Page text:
We tune into the suffering of

life on earth, the last breath

of a hummingbird,

the falling of a

ponderosa, the blood of our

brothers and sisters

who protected us and persisted

Part 3

Coming Together to Heal: The Prefigurative &Transformational, Encircled

A place where womyn bleed with the moon

and swoon at their collective energy

healing the bruises laid by the dominant

forces with kisses and lavender laughter meditations


spiritual ecstasy-

when someone makes your

first cup of coffee in the morning-

communal food-

rooftop solar-

fire crackle-

raven cackle-

We hear the cries

of the earth. We let go. We cry, we let go.


dreams + calls for justice

from our ancestors + our children + our kin across

time, across space

cackling louder than

the ravens who watch us,

laughing as they remember

Dandelions push through cement.

Witches and peasants revolt.

500 years of indigenous resistance




realizing that it takes the same dialogical, emotional work

to change systems as it does to change hearts and minds.

We gather advice from

the wind, the fire we

circle, the wolves that howl,

the water that flows.

Part 4

Interconnection: All Life & Relationality

The spaces between.

Change happens

between us.

Relational trauma is healed


We sing, we hold each other,

we listen to the wind.

We breathe, we touch

the heart centers of every

human present, we lay

and exchange love for the earth.

The work is reconnecting.

It happens between us.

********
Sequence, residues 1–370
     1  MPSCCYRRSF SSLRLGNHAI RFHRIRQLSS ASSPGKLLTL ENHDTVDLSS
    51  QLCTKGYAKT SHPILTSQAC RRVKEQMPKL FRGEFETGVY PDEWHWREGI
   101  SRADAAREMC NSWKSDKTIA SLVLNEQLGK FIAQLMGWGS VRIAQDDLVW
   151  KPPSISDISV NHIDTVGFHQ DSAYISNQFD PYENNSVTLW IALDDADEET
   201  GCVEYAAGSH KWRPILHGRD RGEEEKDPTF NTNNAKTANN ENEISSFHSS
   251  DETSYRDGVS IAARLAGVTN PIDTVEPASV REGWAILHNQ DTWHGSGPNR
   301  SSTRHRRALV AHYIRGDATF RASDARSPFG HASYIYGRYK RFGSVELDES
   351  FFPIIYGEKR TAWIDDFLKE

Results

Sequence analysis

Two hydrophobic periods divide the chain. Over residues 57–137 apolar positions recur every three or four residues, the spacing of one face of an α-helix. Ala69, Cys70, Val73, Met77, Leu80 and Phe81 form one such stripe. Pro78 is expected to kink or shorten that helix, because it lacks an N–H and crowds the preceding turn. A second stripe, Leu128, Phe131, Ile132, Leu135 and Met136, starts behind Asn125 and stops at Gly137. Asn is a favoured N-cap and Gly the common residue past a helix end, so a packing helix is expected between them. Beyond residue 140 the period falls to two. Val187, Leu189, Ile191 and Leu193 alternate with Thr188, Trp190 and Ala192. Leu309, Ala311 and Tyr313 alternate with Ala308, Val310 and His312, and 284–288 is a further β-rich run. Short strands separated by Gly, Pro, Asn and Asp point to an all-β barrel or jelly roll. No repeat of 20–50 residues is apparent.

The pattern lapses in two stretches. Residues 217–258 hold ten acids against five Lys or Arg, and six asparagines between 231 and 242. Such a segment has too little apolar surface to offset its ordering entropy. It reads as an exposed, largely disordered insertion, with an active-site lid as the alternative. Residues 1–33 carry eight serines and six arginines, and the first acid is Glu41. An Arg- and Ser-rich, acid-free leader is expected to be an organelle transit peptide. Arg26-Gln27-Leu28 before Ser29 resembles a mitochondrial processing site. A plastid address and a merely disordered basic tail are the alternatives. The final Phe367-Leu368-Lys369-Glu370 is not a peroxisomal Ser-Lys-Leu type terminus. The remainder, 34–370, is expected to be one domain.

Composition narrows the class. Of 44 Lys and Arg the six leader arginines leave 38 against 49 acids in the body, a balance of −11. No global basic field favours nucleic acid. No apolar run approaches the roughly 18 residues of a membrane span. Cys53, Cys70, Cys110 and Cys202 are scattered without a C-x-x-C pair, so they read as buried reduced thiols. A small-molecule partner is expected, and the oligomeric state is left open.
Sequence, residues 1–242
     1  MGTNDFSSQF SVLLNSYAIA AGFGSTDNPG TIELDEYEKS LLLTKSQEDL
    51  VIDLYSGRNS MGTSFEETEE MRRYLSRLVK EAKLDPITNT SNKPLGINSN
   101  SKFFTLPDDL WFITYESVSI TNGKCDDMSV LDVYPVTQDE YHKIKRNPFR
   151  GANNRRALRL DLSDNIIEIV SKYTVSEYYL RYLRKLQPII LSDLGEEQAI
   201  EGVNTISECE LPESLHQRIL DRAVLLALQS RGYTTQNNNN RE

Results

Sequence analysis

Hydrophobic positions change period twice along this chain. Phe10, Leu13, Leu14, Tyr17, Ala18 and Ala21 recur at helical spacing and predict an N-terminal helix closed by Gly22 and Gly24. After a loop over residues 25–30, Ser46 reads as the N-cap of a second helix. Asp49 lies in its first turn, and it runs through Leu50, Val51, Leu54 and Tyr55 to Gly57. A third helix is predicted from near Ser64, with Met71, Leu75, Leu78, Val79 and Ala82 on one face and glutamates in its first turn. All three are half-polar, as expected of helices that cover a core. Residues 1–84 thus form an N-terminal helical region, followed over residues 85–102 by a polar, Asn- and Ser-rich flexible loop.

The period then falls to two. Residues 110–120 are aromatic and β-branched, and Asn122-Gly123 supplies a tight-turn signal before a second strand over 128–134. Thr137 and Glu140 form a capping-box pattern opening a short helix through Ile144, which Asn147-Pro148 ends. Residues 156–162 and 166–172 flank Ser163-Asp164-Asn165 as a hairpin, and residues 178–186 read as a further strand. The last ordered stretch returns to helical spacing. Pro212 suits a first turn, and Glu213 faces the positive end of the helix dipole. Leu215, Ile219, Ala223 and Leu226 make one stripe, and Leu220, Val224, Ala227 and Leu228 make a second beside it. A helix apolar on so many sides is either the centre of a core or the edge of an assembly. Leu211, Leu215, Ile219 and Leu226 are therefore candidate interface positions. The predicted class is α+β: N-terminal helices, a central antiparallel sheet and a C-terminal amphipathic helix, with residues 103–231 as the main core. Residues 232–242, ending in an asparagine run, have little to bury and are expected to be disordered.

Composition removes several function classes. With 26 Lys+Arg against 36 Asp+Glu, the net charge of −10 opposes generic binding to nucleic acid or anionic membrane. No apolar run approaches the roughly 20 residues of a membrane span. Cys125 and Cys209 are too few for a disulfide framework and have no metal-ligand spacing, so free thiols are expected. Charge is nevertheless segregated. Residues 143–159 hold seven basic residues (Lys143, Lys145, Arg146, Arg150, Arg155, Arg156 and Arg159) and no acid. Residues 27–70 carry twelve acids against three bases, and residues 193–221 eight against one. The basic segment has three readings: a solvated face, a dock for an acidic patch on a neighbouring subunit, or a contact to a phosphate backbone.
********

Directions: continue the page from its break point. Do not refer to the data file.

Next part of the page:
Happens between our many worlds.

The work happens where our edges meet,

where we come together.

The journey to and through the cracks cannot

be done alone. Fresh mint, bees,

whispers, crackling embers, and loved ones

sitting on porches- we must feel, see hear,

breathe, love, and taste it all. In community

the healing begins.

Part 5

Trust The Process: We Are Worth it


The change happens

as we find each other

and find the courage to

face the unknown


embracing change. These are brave times, we are a brave lineage


vulnerability (seeking what is not familiar)

we talk together

and sometimes we

don’t really know

how to do that

but if we’re in it together

that’s enough

With practice,

over and over again,

within the safety to fail

over and over,



It takes setting boundaries and saying, “NO.”

We are worth it.

We are worth the time and dialogical, emotional work

it takes to find a “YES,” together.

We are worth it.

Si se puede.

We chant,

we are love

we are love

we are Earth

we are worth it

We are worth it.

We are.

We are the plants and animals, the earth and the cosmos.

And, we are worth it.

Danielle Austin

Danielle Austin grew up in Northern Arizona, a place that she is deeply passionate about and committed to. She is currently working on her thesis in the Sustainable Communities program at Northern Arizona University. Her thesis is an inquiry into how migrant justice leaders imagine possibilities for change, especially as climate chaos threatens everything. She uses poetry and collaborative methods to co-create knowledge with others, believing that we must all bring our most creative and imaginative selves to the work together. She also teachers yoga and enjoys any chance to practice collective healing, growing, and playing.